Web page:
Thus the answer is D. No, your approach is not quite right here. When you looked at Statement 1, you only picked one value for m, m=10. You will always get *some* answer to the question when you pick a value for m. Unfortunately that doesn't tell you much. If Statement 1 is sufficient, that means the answer must *always* be the same, for *every* value of m. So you can never only test one value in a DS question. Here, using Statement 1 alone, m could certainly be 10 and thus be even, but m could also be 11 and be odd. So we can get both a yes and a no answer using Statement 1, and it is not sufficient. Statement 2 is sufficient, however, since if m  3 is equal to an even number, then m is equal to an even number plus 3, so must be odd. Finally, I'd add that in real GMAT questions, the two statements can never be inconsistent. If, in a yes/no DS question, each Statement is sufficient alone, they will both need to always give the same answer: either both will always give a yes answer or both will always give a no answer. If you think one statement always gives a yes answer and the other always gives a no answer, that's a certain sign that you've done something wrong.
_________________
GMAT Tutor in Toronto
If you are looking for online GMAT math tutoring, or if you are interested in buying my advanced Quant books and problem sets, please contact me at ianstewartgmat at gmail.com



Intern
Joined: 14 Nov 2011
Posts: 10

Re: If m is an integer, is m odd?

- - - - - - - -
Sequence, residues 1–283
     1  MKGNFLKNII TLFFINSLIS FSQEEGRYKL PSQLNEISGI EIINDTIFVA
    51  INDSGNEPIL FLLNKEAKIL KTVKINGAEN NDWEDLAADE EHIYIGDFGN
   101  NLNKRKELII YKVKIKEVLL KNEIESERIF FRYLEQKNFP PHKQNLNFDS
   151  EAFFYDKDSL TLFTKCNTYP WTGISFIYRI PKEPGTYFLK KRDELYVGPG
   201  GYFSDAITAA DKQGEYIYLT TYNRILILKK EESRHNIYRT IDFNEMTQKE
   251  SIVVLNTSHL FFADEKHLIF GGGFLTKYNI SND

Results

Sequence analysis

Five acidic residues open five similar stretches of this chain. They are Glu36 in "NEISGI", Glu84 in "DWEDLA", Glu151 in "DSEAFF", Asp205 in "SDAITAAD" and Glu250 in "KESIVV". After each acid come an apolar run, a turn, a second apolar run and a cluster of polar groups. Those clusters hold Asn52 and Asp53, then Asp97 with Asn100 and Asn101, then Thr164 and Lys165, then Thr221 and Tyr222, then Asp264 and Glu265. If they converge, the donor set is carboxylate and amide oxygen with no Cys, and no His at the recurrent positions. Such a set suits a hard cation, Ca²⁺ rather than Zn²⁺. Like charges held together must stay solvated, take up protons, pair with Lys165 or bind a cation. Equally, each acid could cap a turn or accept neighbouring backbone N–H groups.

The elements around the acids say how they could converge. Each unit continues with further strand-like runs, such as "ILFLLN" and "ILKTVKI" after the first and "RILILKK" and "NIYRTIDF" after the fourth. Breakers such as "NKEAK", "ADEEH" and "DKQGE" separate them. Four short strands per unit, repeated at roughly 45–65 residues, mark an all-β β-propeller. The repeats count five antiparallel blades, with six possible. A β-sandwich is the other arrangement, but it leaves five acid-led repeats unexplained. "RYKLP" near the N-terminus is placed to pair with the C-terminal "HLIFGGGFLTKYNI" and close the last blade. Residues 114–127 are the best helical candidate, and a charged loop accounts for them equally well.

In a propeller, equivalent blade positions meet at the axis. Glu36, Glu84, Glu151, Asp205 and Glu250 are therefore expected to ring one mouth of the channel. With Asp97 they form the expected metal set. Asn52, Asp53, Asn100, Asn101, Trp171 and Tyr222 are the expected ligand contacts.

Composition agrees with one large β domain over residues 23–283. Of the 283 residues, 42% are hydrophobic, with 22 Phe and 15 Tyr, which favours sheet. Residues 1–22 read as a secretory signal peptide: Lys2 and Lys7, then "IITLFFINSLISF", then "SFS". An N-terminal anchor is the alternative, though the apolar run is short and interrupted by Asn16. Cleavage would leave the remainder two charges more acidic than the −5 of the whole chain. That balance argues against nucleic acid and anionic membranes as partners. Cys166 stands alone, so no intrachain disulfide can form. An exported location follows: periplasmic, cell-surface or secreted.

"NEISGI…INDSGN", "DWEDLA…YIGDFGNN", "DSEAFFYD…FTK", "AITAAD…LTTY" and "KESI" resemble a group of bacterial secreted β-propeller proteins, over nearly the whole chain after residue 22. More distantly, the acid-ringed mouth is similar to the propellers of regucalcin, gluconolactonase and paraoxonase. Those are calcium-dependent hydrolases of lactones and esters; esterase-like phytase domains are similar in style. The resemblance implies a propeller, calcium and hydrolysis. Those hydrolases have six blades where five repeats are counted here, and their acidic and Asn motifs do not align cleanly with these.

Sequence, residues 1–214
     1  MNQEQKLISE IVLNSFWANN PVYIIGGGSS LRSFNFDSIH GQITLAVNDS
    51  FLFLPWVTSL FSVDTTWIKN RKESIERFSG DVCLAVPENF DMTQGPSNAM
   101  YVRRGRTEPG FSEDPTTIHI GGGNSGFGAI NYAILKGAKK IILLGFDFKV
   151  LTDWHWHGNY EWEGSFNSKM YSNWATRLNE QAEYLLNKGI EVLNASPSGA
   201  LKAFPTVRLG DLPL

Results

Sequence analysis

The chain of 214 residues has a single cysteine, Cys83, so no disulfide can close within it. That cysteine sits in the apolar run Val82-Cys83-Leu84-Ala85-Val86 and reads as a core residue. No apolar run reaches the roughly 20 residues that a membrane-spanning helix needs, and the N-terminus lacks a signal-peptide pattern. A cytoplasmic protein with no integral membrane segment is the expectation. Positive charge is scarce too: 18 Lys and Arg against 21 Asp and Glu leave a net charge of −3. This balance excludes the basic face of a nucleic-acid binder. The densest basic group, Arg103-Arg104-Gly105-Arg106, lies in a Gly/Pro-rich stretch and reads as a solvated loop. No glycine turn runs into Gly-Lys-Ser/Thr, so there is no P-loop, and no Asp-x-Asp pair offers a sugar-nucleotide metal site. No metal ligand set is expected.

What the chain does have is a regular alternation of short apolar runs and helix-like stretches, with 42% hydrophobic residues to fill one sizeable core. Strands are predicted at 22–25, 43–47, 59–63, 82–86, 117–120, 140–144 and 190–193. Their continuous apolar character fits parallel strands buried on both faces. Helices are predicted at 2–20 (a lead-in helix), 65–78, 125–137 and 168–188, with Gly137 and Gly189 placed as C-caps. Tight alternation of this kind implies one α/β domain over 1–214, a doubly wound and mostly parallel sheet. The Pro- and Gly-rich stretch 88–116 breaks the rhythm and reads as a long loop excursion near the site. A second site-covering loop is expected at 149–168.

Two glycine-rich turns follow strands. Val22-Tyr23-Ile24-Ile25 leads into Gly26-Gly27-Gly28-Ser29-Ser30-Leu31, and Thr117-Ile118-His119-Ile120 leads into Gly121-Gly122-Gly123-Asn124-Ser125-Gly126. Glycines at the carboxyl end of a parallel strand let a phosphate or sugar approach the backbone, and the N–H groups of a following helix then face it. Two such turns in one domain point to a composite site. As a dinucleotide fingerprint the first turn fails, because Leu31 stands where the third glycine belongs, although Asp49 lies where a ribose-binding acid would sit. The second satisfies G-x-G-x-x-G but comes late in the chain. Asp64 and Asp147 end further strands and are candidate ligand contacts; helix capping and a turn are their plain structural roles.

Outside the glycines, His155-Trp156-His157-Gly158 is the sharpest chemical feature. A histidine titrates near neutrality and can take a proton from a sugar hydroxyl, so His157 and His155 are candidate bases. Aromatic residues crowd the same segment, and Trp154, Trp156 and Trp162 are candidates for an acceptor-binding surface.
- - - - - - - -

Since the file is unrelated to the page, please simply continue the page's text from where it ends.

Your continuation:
[#permalink]
Show Tags
30 Nov 2011, 20:36
@ IanStewart
Statement 1 is what actually confused me. According to what you said, if we use m=10 (an even number), we get 5 which is not even satisfying statement 1 and proving m is not odd. When we use m=11, 11/2 gives us 5 1/2 which is not even but it is not odd either. So can we actually use 11 or any odd number to test?



GMAT Tutor
Joined: 24 Jun 2008
Posts: 1811

Re: If m is an integer, is m odd?
[#permalink]
Show Tags
01 Dec 2011, 00:00
pratk wrote: @ IanStewart
Statement 1 is what actually confused me. According to what you said, if we use m=10 (an even number), we get 5 which is not even satisfying statement 1 and proving m is not odd. When we use m=11, 11/2 gives us 5 1/2 which is not even but it is not odd either. So can we actually use 11 or any odd number to test? Statement 1 says that "m/2 is not an even number". If m = 11, then 11/2 is not an even number  it's not an integer at all, so it's not even or odd. So with Statement 1, m could certainly be 11, or could certainly be 10, and the statement is not sufficient.
_________________
GMAT Tutor in Toronto
If you are looking for online GMAT math tutoring, or if you are interested in buying my advanced Quant books and problem sets, please contact me at ianstewartgmat at gmail.com



Manager
Status: Essaying
Joined: 27 May 2010
Posts: 90
Location: Ghana
Concentration: Finance, Finance
GPA: 3.9
WE: Accounting (Education)

Re: If m is an integer, is m odd?
[#permalink]
Show Tags
05 Dec 2011, 06:04
Answer is C. But answer in statement A is No and Answer in statement 2 is Yes. funny one



Math Expert
Joined: 02 Sep 2009
Posts: 58386

Re: If m is an integer, is m odd?
[#permalink]
Show Tags
03 Feb 2012, 09:23
pratk wrote: My understanding is that each choice should not lead to a "Maybe" answer. But can it be sufficient if it leads to a "NO" or does it always have to be a "YES".
1. If we take m=10, the result is 5 which is not even. Therefore statement is sufficient in answering No m is not odd.
2. 53=2 which is even. Therefore statement 2 is sufficient because it also has a unique Yes answer that m is odd.